This year has seen a passionate cry for state and territory governments to criminalise coercive control in Australia—especially in a year that has seen so many women and children staying at home, leading to a spike in domestic violence cases.
Coercive control is defined as patterns of abusive behaviours that are used by one person to dominate and control another in a relationship. It usually happens gradually and can involve things such as threats, surveillance and withholding finances.
The ‘invisible abuse’, as it’s often described, strips victims of their autonomy and independence.
In Scotland, laws criminalising coercive control came into effect in 2019 and are considered to be the “gold standard” globally. Passing the Domestic Abuse Act, the country created a specific offence of domestic abuse, covering psychical, psychological and emotional behaviours.
Now, an Australian parliamentary inquiry over the last week looked to the people who helped develop those laws in Scotland, as domestic violence continues to be labelled our nation’s “silent killer”, claiming the life of one woman a week.
Scottish Women’s Aid was one of the many advocating for change and played a central role in passing the Domestic Abuse Act.
Chief Executive of the Scottish Women’s Aid, Dr Marsha Scott, said Australia’s current laws were ineffective at responding adequately to coercive control.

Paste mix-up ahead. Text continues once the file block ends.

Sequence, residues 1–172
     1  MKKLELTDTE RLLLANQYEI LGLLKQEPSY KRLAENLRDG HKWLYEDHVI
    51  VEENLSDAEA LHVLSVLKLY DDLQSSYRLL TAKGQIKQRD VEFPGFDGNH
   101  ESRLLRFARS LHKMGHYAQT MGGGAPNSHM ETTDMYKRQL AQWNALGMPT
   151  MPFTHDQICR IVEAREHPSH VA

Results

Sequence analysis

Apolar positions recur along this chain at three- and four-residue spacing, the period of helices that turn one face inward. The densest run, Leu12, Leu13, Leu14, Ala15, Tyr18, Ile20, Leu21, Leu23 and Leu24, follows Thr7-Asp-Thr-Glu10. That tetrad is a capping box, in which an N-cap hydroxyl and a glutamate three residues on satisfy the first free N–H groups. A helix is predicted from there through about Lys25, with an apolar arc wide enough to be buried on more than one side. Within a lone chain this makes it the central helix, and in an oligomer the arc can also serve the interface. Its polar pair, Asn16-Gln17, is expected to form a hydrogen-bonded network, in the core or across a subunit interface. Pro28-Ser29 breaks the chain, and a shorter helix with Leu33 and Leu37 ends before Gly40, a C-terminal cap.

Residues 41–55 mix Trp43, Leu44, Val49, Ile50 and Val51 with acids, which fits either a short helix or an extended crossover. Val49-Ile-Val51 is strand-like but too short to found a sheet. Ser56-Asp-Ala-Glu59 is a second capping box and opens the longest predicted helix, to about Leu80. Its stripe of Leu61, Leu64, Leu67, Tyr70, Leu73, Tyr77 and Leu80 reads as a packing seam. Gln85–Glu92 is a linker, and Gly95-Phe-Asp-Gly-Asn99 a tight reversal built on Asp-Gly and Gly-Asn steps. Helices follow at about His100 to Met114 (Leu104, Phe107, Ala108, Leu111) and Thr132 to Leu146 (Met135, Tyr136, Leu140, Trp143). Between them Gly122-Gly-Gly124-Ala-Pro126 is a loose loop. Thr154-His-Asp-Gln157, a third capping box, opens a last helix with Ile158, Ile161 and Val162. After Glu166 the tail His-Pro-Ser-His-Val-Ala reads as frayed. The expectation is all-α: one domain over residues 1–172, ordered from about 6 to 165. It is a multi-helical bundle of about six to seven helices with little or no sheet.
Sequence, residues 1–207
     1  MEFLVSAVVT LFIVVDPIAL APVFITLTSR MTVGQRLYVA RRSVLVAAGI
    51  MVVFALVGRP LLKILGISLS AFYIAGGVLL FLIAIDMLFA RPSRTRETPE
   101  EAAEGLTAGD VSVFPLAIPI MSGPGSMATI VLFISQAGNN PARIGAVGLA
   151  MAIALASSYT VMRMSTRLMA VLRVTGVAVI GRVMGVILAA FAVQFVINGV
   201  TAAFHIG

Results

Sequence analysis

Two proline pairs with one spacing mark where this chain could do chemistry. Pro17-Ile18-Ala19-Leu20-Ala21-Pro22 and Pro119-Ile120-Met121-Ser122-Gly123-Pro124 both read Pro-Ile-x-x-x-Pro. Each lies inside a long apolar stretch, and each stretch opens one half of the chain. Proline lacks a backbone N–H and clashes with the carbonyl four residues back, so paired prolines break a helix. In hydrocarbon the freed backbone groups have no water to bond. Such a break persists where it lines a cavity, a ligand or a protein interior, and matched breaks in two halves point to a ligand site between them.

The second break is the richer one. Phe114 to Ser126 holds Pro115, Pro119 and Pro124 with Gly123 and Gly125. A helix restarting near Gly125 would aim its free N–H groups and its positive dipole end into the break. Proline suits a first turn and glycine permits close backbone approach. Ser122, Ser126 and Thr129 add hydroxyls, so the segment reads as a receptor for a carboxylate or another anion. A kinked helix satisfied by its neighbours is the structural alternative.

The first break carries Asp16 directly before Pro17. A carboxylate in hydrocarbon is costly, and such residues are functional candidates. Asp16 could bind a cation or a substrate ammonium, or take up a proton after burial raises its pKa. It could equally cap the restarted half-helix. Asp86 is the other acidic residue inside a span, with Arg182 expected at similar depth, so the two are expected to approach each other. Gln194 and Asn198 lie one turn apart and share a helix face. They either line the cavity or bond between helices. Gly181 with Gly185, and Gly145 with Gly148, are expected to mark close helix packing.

“The status quo was not acceptable in Scotland, and I would suggest it’s not acceptable in Australia either,” she said in Parliament, per ABC News.
“I have seen so few domestic abuse cases in which there wasn’t some element of coercion.
“It’s important not to think of coercive control as this totally separate phenomenon that happens and then physical assault happens in a different relationship, they’re all embedded together.”
While the Federal Parliament is investigating the issue, criminalising coercive control would require legislative action by state and territory governments.
At the moment, only Tasmania has laws that seek to respond to coercive and controlling behaviours.
Earlier this year, a national poll commissioned by White Ribbon showed that 70 per cent of respondents supported the idea of criminalising coercive control, following the lead of countries including Scotland, the UK, Ireland and Wales, who have all made the behaviour illegal.
Are Media has since launched its Criminalise Coercive Control Campaign. Launched with Women’s Safety NSW, White Ribbon Australia, Small Steps 4 Hannah, Queensland Women’s Legal Service, Women’s Community Shelters and Doctor’s Against Violence Towards Women, and supported by Are Media brands marie claire, The Australian Women’s Weekly and Better Homes & Gardens, the campaign is calling for coercive control to be criminalised by July 2021.
Sign our petition calling on the government to make coercive control a crime and help us change the lives of thousands of women.
If you or anyone you know needs help or advice, contact 1800 RESPECT on 1800 737 732 or Lifeline on 13 11 14.